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United Nations: VI. Mandated Palestine - Palestinian Resistance
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Posted on December 17, 2001

The start of Palestinian resistance

Throughout the period of the mandate, Palestinian resentment against the denial of their inherent right of national self-determination, and against the colonization of their land by non-Palestinians, manifested itself in a series of outbreaks of violence which, becoming virtually endemic in Palestinian politics, mounted in intensity as the mandate prolonged. The British Government regularly appointed a Commission of Inquiry to investigate the "disturbances" and to present recommendations. But as long as the inherently conflicting lines of policy in the mandate were implemented, violence and resistance continued.

On 2 November 1918, non-violent protests marked the first anniversary of the Balfour Declaration. As early as April 1920, while Palestine was still under military government, anti-Jewish riots broke out just as the San Remo Conference was finalizing the allocation of the Palestine Mandate to Great Britain. The report of the military commission of inquiry was not published at the time, but was referred to in the report of the Royal Commission in 1937. The underlying causes of the riots were cited as:

"The Arabs' disappointment at the non-fulfilment of the promises of independence which they believed to have been given them in the War.

"The Arabs' belief that the Balfour Declaration implied a denial of the right of self-determination and their fear that the establishment of a national home would mean a great increase of Jewish immigration and would lead to their economic and political subjection to the Jews." 85/

Within a year of Palestine's coming under civil administration, riots again broke out in May 1921, spreading from a clash between Jewish factions. There were 95 dead and 220 injured. A formal inquiry commission, headed by Sir Thomas Haycraft, Chief Justice of Palestine, found:

"The fundamental cause of the Jaffa riots and the subsequent acts of violence was a feeling among the Arabs of discontent with, and hostility to, the Jews, due to political and economic causes, and connected with Jewish immigration, and with their conception of Zionist policy as derived from Jewish exponents.

"The immediate cause of the Jaffa riots on the 1st May was an unauthorized demonstration of Bolshevik Jews, followed by its clash with an authorized demonstration of the Jewish Labour Party.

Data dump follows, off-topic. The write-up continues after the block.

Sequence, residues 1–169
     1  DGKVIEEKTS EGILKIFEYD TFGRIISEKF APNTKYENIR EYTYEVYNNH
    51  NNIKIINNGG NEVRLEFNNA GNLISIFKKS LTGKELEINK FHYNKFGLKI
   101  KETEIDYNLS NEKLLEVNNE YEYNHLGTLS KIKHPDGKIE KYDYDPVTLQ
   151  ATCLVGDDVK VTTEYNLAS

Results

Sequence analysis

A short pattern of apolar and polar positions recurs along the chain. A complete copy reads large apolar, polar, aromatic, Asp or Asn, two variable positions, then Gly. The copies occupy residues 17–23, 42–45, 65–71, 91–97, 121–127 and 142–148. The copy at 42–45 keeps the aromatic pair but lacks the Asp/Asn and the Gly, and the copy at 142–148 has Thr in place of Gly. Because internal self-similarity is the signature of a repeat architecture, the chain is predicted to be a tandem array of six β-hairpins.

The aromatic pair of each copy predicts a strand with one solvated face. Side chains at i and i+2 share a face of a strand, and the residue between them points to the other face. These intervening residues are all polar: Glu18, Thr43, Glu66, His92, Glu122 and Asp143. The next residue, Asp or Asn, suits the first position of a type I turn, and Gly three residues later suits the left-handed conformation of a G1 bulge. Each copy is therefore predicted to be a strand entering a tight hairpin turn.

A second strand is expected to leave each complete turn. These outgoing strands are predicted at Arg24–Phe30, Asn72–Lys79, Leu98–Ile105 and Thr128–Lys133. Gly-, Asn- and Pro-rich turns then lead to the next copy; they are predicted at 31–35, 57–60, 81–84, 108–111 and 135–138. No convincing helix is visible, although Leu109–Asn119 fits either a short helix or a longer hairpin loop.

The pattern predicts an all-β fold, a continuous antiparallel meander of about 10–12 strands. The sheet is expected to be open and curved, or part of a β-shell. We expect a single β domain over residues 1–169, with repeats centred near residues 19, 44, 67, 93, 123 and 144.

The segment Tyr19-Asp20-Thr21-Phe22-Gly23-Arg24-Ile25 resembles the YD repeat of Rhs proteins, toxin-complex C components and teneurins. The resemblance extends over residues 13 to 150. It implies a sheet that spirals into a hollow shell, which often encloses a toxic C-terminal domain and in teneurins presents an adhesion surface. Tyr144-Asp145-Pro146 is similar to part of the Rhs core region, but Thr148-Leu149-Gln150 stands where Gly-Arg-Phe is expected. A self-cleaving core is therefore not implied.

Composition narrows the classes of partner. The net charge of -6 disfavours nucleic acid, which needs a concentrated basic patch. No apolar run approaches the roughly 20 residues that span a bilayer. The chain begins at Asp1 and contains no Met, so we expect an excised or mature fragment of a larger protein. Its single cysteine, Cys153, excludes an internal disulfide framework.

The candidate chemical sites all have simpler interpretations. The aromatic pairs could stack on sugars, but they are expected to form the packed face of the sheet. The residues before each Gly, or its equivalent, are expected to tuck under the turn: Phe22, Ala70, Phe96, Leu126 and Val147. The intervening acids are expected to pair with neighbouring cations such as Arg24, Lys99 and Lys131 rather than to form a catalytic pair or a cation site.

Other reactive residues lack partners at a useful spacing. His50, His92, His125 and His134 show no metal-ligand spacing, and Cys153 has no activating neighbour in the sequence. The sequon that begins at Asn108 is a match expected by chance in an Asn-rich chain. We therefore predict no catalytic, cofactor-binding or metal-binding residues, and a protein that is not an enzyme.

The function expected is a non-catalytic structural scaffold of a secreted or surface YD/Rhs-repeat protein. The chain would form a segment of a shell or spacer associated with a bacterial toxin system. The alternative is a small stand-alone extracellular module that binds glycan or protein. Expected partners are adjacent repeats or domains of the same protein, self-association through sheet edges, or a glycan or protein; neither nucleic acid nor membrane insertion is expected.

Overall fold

"The racial strife was begun by Arabs, and rapidly developed into a conflict of great violence between Arabs and Jews, in which the Arab majority, who were generally the aggressors, inflicted most of the casualties.

"The outbreak was not premeditated or expected, nor was either side prepared for it; but the state of popular feeling made a conflict likely to occur on any provocation by any Jews ..." 86/

The revolt of 1929

The "Churchill Memorandum" reaffirmed the "national home" policy, and Palestinian resentment again broke out into violence in August 1929, sparked by a dispute over the Wailing Wall in Jerusalem. The clashes between Palestinians and Jews left 220 dead and 520 injured on both sides, and British reinforcements, including aircraft, naval vessels and armoured cars, had to be called in from outside Palestine before the situation was brought under control.

A special Commission, headed by Sir Walter Shaw, a retired Chief Justice of the Straits Settlements, investigated this outbreak. The Shaw Commission observed:

"In less than 10 years three serious attacks have been made by Arabs on Jews. For 80 years before the first of these attacks there is no recorded instance of any similar incidents. It is obvious then that the relations between the two races during the past decade must have differed in some material respect from those which previously obtained. Of this we found ample evidence. The reports of the Military Court and of the local Commission which, in 1920 and in 1921 respectively, enquired into the disturbances of those years, drew attention to the change in the attitude of the Arab population towards the Jews in Palestine. This was borne out by the evidence tendered during our inquiry when representatives of all parties told us that before the War the Jews and Arabs lived side by side if not in amity, at least with tolerance, a quality which to-day is almost unknown in Palestine". 87/

The Commission's findings on the causes of the violence:

"... If there was in Palestine in August last a widespread feeling of resentment amongst the Arabs at the failure of His Majesty's Government to grant them some measure of self-government, it is at least probable that this resentment would show itself against the Jews, whose presence in Palestine would be regarded by the Arabs as the obstacle to the fulfilment of their aspirations".

"That such a feeling existed among the leaders of the Arabs and the official and educated classes there can be no question ...

"... The Arab people of Palestine are today united in their demand for representative government. This unity of purpose may weaken but it is liable to be revived in full force by any large issues which involve racial interests. It is our belief that a feeling of resentment among the Arab people of Palestine consequent upon their disappointment at the continued failure to obtain any measure of self-government ... was a contributory cause to the recent outbreak and is a factor which cannot be ignored in the consideration of the steps to be taken to avoid such outbreaks in the future". 88/